Pacific Rim: The Black, like its predecessors in the Pacific Rim franchise, is a show about living in the shadow of catastrophe, about humanity grappling with its place in the food chain, and about the way trauma can bring people together or force them apart. It is also a show about giant monsters and robots that are too big for a single pilot to use. The Black tightens its focus by building its story around the children who grow up in a world marred by monstrous attacks previously thought to be impossible. Definitely no real world connections we could make there, right?
When the original Pacific Rim lumbered onto film screens in 2013, it was a seismic moment for fans of the Super Robot genre, where teams of pilots use giant mechs called Jaegers to beat the heck out of giant monsters (or Kaiju, as they’re called) with reckless abandon. Guillermo Del Toro’s version of this familiar story was dripping in style and charm, even when its plot had some logical leaps.
The sequel, 2018’s Pacific Rim: Uprising, matched the original’s propulsive excitement, but seemingly went full Saturday-morning-cartoon with a thin plot and cut-out characters. It felt like a fairly weightless follow-up, lacking the gravity and staying power of the original. When Netflix announced its anime spinoff, Pacifc Rim: The Black, fans were cautiously optimistic — the anime style would give a story about giant mechs built to fight interstellar monsters plenty of added style — but reticent to get too hopeful.
The Black takes place some time after both movies, in an Australia that’s been battered by an invasion of kaiju. Two children, Taylor and Hayley, venture out into a scarred wasteland to find their parents, who left in a Jaeger to fight off the monsters five years ago and never came back. Their journey involves discovering a Jaeger of their own and run afoul of other people try to scrape together a life in this monster-ravage Australia, which has been cut off from the rest of the world due to its Kaiju infestation (called Operation Blackout, from which ‘The Black’ gets its name).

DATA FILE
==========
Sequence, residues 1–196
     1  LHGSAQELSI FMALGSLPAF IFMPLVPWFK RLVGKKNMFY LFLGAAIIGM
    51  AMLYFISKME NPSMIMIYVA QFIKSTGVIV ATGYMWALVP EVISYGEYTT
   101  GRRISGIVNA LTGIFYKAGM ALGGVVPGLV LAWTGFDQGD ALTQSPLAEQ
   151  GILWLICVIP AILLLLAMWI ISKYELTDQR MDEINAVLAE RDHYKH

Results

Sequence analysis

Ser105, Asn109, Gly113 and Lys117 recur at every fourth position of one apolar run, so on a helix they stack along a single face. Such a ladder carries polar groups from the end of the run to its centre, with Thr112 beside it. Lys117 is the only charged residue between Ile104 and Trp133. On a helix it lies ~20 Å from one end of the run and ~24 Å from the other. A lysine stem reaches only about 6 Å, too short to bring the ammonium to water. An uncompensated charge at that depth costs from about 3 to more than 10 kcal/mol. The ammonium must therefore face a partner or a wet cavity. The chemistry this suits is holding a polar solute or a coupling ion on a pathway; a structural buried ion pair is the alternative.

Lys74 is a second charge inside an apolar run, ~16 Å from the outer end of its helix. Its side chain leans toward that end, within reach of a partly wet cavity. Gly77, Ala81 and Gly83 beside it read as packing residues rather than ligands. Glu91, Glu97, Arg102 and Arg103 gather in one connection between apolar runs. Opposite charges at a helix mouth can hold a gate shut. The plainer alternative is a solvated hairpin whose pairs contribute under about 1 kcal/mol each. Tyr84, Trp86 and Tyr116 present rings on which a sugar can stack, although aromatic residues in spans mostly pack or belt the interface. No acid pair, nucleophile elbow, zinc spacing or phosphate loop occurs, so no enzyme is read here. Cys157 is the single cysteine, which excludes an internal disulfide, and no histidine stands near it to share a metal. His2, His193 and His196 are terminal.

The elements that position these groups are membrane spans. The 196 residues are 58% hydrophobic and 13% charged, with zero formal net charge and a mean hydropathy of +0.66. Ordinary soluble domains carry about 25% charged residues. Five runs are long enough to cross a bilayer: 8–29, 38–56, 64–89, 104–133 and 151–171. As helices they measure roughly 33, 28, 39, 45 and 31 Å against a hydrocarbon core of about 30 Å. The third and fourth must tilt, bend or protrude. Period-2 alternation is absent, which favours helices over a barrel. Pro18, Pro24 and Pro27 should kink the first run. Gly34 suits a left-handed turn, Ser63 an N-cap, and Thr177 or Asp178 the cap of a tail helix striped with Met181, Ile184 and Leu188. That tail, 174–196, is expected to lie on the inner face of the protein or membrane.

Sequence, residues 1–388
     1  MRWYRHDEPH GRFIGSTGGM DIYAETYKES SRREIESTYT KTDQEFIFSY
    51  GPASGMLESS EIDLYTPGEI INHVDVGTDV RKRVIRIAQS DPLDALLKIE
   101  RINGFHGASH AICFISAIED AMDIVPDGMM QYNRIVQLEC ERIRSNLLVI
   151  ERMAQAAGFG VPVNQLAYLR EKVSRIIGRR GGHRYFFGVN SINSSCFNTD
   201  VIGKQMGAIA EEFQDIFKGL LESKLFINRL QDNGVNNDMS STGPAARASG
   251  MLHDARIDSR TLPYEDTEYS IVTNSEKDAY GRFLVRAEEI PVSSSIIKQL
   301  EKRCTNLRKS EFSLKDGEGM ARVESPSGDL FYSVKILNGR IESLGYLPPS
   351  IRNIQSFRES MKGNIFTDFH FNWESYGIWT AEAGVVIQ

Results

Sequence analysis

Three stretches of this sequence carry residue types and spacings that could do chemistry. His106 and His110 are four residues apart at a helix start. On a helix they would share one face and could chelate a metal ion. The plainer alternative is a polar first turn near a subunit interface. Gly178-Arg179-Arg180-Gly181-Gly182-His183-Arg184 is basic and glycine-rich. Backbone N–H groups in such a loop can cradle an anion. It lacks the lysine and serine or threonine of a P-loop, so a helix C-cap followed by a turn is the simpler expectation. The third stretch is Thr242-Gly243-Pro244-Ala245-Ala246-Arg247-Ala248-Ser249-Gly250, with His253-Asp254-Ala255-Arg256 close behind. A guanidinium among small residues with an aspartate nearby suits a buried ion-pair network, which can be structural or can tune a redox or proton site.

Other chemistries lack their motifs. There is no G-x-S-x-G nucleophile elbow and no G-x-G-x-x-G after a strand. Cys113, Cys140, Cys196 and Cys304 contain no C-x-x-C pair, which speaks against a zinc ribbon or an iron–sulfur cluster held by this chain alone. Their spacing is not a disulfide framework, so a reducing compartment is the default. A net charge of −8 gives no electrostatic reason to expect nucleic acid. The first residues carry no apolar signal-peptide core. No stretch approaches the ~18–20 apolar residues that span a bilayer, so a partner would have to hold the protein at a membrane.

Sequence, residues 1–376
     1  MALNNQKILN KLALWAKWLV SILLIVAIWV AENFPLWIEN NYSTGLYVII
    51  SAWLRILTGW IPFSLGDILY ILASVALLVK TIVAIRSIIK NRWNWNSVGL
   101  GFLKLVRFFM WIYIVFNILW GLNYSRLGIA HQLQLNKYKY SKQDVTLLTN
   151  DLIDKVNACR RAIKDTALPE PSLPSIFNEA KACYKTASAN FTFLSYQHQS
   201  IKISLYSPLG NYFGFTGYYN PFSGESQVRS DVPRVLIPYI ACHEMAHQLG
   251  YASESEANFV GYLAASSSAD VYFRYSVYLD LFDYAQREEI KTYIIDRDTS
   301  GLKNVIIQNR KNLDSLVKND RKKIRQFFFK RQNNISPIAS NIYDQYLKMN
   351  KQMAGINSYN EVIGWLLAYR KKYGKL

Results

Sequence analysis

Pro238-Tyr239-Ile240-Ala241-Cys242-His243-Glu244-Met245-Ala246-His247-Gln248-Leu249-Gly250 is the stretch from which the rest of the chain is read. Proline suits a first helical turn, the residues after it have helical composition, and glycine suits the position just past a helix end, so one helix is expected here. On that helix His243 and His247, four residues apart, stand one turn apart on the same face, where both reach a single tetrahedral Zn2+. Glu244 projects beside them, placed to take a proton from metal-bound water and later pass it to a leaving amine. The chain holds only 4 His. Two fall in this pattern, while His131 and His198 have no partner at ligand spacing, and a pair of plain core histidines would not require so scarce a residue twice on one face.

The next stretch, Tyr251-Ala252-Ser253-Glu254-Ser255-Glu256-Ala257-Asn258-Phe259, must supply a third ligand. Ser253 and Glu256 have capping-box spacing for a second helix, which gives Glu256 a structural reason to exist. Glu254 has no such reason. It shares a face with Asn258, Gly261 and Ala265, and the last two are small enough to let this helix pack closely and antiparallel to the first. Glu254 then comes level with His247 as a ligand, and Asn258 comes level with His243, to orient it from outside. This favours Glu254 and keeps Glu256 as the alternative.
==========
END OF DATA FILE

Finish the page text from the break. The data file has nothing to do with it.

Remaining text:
In a nice overcorrection to the goofy heroism of Uprising, Pacific Rim: The Black is not afraid to be bleak. Characters die early and often, sometimes in very gruesome ways. The harsh reality of living in a world so ravaged by disasters is always present in the characters’ minds, and there aren’t any sugar-sweet speeches about heroism to be found.
The show is at its best when it embraces more mature storytelling and shows the toll of living in such a dangerous world. There is a lot of exciting drama to mine from characters struggling with their own limited power in a land overrun by monsters, and the first episode’s knock-down drag-out violence shows us that Jaeger suits are impressive, but not a guarantee for victory.
The first season’s seven episodes also do an admirable job expanding upon established ideas in the Pacific Rim universe. The nature of the Drift, the process by which pilots link minds in order to share the load of piloting a mech suit, gets some intriguing wrinkles, with the act of sharing minds with someone having lots of previously-unseen implications and uses. The kaiju themselves take on some intriguing new forms in The Black, and while some of these new ideas may be harder to believe than others (especially when the show leans into more experimental super-science or tries to humanize the kaiju) it’s still clear that the writers on the show are not content with going the easy robot-vs-kaiju route, and instead want to make something new out of all of these shiny new toys.